Been there, done that, didn't work out so great.
That's the general argument against cryptocurrencies presented by James Bullard, president of the St. Louis Federal Reserve, during a speech at CoinDesk's Consensus 2018 conference in New York on Monday.
We haven't had cryptocurrencies before, of course — we've never had this kind of technology before. But Bullard is making an association between cryptocurrencies and the disjointed financial system the U.S. used way back in the 1830s — a system he says no one really liked.
Ah, yes, the 1830s. You can picture it now — the horse-drawn carriages, the corsets. The dollar existed, but it was in competition with a bunch of other currencies, issued by each bank, each with its own value and exchange rate. These notes made up 90 percent of the nation's money supply. It wasn't until after the Civil War that the U.S. established a national bank with national banknotes, eliminating the chaos that came with the previous system.
Now, we're heading right back toward that chaos, Bullard says. The world has more than 1,800 cryptocurrencies, all with wildly fluctuating values. And if the balance tips so that it's more common to use those than a standardized currency, that might be bad news for the American consumer, and for the financial system as a whole.
"The drift to a nonuniform currency could become a serious issue for the U.S. if cryptocurrencies take up a large volume of trade," Bullard told the Consensus 2018 attendees. "You could imagine going into a [store] and now you have 10 different ways or 100 different ways that you can pay. That is exactly what people have not liked historically... They want a uniform thing — a dollar is a dollar."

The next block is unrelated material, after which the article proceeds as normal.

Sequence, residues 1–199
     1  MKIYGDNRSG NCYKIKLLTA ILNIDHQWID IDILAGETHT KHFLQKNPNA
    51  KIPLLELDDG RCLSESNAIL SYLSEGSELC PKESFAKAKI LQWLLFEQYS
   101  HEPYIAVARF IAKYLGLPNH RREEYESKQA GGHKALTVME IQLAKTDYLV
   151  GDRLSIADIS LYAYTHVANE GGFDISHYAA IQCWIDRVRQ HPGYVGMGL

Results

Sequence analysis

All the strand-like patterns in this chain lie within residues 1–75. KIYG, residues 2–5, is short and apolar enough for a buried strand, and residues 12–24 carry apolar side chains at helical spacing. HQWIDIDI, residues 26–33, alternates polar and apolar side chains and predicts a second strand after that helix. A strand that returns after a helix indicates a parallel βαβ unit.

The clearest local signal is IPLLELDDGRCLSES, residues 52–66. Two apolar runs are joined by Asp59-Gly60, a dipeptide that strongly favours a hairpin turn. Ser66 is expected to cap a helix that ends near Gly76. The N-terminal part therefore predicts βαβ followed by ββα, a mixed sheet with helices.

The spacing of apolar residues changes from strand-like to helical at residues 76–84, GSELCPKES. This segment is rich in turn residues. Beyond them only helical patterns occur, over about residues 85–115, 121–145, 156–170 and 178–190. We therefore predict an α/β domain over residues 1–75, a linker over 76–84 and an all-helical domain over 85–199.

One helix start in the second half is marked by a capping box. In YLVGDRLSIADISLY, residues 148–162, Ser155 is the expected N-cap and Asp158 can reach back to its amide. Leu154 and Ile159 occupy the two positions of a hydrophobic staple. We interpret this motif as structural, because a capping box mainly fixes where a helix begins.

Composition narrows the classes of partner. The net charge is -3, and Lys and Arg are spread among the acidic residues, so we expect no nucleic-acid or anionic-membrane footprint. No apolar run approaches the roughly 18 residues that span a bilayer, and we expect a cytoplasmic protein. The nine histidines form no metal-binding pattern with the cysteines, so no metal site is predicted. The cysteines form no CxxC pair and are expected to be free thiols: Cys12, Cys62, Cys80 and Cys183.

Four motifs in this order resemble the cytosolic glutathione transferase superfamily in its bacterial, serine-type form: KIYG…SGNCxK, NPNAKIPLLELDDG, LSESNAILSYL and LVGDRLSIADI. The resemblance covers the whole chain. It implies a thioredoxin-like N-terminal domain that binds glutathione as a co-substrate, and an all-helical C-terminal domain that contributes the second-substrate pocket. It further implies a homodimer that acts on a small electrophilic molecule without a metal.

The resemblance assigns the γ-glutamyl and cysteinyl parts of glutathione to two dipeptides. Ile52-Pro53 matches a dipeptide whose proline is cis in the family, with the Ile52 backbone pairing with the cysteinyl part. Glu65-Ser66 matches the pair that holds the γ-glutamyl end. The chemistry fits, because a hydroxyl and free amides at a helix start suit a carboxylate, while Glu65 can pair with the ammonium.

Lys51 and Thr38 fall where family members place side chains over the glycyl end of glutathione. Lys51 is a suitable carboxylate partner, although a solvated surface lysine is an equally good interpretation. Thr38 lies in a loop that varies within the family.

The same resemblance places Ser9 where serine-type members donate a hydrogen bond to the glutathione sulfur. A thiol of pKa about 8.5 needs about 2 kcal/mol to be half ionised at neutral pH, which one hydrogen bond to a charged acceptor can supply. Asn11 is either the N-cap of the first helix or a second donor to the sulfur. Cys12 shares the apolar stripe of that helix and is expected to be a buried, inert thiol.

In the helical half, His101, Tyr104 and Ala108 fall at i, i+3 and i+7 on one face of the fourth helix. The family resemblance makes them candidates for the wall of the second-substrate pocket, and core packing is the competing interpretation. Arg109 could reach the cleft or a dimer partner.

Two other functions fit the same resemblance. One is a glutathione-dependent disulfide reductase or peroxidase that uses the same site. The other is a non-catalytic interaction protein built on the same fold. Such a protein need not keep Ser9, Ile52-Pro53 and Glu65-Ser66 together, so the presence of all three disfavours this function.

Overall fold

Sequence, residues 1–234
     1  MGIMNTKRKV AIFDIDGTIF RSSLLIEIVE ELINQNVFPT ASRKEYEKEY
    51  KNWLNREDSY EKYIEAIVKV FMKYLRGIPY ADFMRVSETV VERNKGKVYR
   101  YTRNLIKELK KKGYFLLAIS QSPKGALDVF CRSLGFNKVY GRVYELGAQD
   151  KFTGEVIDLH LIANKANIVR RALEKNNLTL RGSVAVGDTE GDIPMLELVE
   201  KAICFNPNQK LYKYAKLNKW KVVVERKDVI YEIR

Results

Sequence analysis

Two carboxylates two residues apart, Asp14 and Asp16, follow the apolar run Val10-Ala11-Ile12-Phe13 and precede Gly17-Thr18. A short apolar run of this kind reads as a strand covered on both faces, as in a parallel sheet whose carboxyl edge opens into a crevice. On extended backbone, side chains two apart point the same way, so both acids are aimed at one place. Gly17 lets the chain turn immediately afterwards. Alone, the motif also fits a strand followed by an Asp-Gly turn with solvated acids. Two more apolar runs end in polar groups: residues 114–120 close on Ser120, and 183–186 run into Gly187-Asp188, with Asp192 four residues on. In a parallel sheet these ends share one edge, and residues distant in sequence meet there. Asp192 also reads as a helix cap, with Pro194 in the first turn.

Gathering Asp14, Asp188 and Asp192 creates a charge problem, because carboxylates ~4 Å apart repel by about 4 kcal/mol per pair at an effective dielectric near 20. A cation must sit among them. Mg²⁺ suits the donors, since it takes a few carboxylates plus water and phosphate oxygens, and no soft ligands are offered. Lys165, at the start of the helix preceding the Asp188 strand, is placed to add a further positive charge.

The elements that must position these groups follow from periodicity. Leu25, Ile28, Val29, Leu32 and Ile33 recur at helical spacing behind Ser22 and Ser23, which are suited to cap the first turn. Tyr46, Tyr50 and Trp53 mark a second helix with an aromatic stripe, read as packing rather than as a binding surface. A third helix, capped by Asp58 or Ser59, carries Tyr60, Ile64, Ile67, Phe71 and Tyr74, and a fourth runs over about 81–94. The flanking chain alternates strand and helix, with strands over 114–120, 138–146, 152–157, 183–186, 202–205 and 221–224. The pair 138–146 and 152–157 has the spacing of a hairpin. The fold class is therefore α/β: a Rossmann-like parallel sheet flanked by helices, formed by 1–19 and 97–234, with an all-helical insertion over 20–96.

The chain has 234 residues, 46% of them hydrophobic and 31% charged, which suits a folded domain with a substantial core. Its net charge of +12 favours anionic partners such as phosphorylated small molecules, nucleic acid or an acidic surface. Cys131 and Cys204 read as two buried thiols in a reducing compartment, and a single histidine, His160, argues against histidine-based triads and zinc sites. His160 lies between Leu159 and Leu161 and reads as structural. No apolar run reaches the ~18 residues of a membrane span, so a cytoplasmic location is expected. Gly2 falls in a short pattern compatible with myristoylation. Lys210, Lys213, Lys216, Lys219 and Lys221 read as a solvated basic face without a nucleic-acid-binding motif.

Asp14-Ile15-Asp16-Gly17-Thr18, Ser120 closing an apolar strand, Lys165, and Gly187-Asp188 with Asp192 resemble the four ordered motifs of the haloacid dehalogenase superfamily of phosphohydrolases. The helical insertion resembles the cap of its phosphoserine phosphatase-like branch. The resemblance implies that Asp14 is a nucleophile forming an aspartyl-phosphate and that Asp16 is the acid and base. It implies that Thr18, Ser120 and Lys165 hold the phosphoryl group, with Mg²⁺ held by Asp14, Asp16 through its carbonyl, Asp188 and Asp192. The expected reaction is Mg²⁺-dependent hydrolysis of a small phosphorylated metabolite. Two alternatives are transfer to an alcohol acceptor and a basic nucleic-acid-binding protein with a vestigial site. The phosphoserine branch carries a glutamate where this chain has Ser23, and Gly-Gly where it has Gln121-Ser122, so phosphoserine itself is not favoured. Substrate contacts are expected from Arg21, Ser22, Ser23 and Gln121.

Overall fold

Of course, back in the 1830s, the only way to keep track of all those banknotes was in paper ledgers at banks. Today, the value, market share, and exchange rates of your cryptocurrencies are accessible with a swift login to Gmail. So cryptocurrencies at least have that logistical advantage over the chaotic banknotes of yesteryear.
As for the desire for a "uniform thing," the United Nations currently recognizes 180 national currencies. That's a far cry from the 1,800 cryptocurrencies Bullard referenced in his speech, but it shows there's room for more than one currency in the world without the economy devolving into chaos.
So, let's take these comments with a pretty big grain of salt. Let us not forget: the jury is still out on whether cryptocurrencies will, in fact, prove to be the future of money. But they definitely aren't exactly like anything we've seen in the past.
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